Known error numbers Error number will be 0x00 on success, and other numbers on failure. Known numbers are the followings.


Flag Format The backdoor command for unlocking the door is the flag. If the command is “12 34 ab cd” in hex, the flag will be “CBCTF{1234abcd}”.

In this problem we got two files, ARM firmware memory dump, and Bluetooth packet dump. From task description we knew the apparent protocol, as well as that there is a backdoor hidden in firmware allowing to open doors without authentication. Searching the firmware for protocol constants, such as 0x91, we found function responsible for packet dispatch. It was fairly straightforward and in line with the description, with one exception: there was additional undocumented command 0x20. It checked 8 following bytes, four of which had to be equal to part of device's MAC address, and the other four random-looking constant. If they matched, tenth byte was checked and depending on its value, door was locked or unlocked. The only thing we didn't get from the firmware was the MAC address - thankfully it was transmitted and captured in packet dump. With all the information gathered, we could craft backdoor packet.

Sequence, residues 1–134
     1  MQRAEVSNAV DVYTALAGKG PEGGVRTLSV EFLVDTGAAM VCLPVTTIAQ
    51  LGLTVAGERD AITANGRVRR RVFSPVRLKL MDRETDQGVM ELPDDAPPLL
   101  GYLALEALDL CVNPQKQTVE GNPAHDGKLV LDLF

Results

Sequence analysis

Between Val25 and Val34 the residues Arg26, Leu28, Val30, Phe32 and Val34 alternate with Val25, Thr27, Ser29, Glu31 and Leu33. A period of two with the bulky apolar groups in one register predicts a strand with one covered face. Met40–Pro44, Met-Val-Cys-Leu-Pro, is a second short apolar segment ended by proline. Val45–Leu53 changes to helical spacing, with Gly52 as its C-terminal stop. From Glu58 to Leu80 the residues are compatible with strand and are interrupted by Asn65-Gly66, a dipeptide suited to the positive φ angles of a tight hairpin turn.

Odin Part 2, re, 335p, 13 solves

Problem Statement This smart lock has a logging function that records every operation. The log is readable only by some special management device. Though I don’t have the device, I’ve got a EEPROM dump on the smart lock board which looks like holding the log. Could you analyze it and find out when the backdoor was exploited for the first time?